Before the coronavirus pandemic, Zoom, the video conferencing app, was nowhere near as popular as it is today. But all that fame also turned the platform into a target for malicious actors.
When someone gains unauthorized access to a Zoom meeting, they’re zoombombing. And it’s becoming a bigger and bigger problem.
Here are eight sure ways to protect your meetings from zoombombing.
Zoombombing – the modern-day prank calls
You think Zoom bombing is funny? Let’s see how funny it is after you get arrested.Matthew Schneider, United States Attorney for Eastern Michigan
The coronavirus pandemic changed how we communicate. As we experienced a surge in cases and social distancing became the new norm, humanity tipped towards more remote working and learning via Zoom.
But Zoom has also been drawing attention from researchers and journalists because of potential privacy and security issues.
One of the most significant security issues is zoombombing, the phenomenon of uninvited attendees breaking into and disrupting meetings.
In most cases, it’s internet trolls barging in to cause commotion with lewd and obscene language and imagery. These cases were often uploaded to video sharing sites, like YouTube, for views and laughs.
But there have also been cases where attendees’ cameras and microphones were hijacked, or they were lured into accessing attachments with malware.
So, a zoombombing attack can range from an inconvenience to outright dangerous content. This is why you should know how to protect your meetings, and here are eight tips for doing just that.
1. Never share your Personal Meeting ID or meeting link publicly
It might seem like sensible advice, but it’s often overlooked, especially in the world of academia.
Whether on Facebook, Whatsapp, or other platforms, students are used to having groups where they share meeting links and passwords. But that’s not a safe choice, as outsiders might get a hold of them.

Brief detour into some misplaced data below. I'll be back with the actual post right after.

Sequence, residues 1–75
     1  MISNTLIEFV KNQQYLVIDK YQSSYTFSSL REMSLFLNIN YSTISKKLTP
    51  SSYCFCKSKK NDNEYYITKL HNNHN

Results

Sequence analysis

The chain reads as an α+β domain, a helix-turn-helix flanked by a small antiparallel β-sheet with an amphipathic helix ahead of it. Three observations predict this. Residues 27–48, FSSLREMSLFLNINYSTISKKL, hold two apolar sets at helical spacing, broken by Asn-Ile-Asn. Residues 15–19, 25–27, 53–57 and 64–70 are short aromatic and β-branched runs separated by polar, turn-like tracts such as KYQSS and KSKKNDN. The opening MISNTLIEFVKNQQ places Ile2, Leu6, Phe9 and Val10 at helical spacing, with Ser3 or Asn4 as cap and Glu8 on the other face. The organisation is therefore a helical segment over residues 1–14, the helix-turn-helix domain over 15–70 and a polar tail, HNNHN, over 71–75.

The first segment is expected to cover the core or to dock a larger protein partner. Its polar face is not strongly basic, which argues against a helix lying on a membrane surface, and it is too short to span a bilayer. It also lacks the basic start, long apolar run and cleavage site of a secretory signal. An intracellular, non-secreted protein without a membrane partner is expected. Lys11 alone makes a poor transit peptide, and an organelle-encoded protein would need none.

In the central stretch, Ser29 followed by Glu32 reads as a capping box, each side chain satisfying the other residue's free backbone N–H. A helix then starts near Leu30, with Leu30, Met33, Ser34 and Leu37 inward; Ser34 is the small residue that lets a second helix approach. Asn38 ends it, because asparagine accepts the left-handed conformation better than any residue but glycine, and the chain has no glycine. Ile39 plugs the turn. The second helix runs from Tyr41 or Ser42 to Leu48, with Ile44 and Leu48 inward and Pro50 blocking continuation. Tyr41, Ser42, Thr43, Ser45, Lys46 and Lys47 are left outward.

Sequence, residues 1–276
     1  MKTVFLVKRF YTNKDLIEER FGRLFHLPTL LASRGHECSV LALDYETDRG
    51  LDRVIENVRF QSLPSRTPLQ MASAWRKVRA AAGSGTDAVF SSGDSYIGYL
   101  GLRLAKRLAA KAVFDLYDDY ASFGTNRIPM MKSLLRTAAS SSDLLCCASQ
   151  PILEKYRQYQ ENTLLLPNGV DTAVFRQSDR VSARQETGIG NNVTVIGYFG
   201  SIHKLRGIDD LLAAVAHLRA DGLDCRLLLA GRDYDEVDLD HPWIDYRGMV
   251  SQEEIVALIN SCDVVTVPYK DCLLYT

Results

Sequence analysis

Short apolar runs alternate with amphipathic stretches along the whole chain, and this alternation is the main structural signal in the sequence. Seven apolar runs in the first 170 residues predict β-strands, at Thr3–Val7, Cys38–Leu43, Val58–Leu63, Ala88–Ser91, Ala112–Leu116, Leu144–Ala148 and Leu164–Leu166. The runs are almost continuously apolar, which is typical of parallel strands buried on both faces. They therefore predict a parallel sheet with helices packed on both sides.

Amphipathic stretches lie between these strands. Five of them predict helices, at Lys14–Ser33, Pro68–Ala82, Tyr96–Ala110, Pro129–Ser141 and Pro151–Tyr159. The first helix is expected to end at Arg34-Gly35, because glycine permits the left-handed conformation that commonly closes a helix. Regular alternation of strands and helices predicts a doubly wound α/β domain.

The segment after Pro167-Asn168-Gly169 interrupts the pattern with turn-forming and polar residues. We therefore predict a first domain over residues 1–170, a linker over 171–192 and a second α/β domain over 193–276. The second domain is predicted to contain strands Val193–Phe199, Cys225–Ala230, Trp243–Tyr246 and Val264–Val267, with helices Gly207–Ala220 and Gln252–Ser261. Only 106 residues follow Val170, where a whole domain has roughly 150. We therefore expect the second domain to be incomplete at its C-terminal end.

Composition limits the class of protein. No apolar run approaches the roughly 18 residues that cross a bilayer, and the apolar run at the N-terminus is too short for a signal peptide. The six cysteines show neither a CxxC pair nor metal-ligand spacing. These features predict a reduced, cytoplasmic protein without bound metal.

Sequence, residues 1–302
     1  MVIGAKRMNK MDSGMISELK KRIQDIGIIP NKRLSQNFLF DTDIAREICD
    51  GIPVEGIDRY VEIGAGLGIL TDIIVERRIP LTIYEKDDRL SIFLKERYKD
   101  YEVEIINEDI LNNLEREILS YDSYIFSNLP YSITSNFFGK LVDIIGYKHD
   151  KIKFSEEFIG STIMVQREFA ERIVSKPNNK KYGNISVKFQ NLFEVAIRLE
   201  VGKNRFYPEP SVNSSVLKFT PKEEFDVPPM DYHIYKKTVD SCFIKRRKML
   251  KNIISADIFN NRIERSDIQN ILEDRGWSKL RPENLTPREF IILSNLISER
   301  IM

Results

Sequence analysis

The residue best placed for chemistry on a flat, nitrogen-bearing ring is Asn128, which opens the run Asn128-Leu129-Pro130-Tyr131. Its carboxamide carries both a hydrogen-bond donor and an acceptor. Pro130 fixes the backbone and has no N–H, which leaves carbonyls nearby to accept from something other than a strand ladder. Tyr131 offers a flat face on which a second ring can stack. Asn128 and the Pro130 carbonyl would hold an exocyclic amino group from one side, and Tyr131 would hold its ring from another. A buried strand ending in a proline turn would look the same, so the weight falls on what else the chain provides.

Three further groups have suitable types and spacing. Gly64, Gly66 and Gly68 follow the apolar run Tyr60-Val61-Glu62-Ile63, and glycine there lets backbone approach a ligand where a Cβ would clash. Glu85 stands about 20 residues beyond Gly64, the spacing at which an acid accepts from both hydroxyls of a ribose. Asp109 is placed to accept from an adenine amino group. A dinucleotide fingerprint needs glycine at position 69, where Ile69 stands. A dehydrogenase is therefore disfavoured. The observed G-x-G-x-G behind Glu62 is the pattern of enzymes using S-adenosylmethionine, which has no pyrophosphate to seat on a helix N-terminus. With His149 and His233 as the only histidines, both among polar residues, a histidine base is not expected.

Even people at work might fall into this easily avoidable trap.
Use the invite function to make sure credentials go out only to your intended attendees.
Dutch journalist Zoombombing an EU defense ministers’ meeting: surprisingly delightful. pic.twitter.com/E5mAEZBuQu— ian bremmer (@ianbremmer) November 23, 2020
2. Always require a meeting password
Again, make sure you only share it with the people who must attend, and don’t post it online.
A password can prevent people from hijacking your conference even if they get their hands on your meeting link.
3. Use the waiting room feature
This is a great way to have an overview of the participants before you start the meeting and only admit the attendees you invited.
If needed, double-check with the attendees who’s who and kick out whoever shouldn’t be in the meeting.
4. Require official email addresses
Learn how to protect your privacy when working from home.
Don’t mix work and fun. At work or school, only send invites to official email addresses.
Plus, if you ask people to use their full names, your job as a moderator in the waiting room will be a lot easier.
5. Disable file transfers
Even if you disable file transfers, information can still be shared in meetings. For example, you can encourage other options like screen sharing.
This will do a great job in preventing people from uploading malicious content to your meeting.
6. Set your screen sharing to Host-Only
If you already know you’re the only one holding a presentation or teaching a class, it’s a great idea to set the option to Host-Only screen sharing.
This way, you’ll prevent not only mistakes and distractions but also people trying to hijack your meeting from showing off malicious or inappropriate content.
7. Lock the meeting by clicking “Participants” at the bottom of your Zoom window
So, once you have all the participants checked and in place, you can lock the meeting. You have this option in the participants’ pop-up box.
When you lock the meeting, no new participants can join, even if they have the meeting ID and password.
8. Delete any unwanted or uninvited participants
And last but not least, don’t take any chances.
If you see someone on your participants’ list that can’t justify their presence there, don’t hesitate to kick them out of the meeting or the waiting room.
Don’t let in any lurkers.
Couple these tips with our 10 recommendations to stay safe online, and you’re good to go.
Are you using Zoom during these times? Or do you prefer a more secure conferencing app? Let me know in the comments below.
Until next time, stay safe and secure!
Leave a comment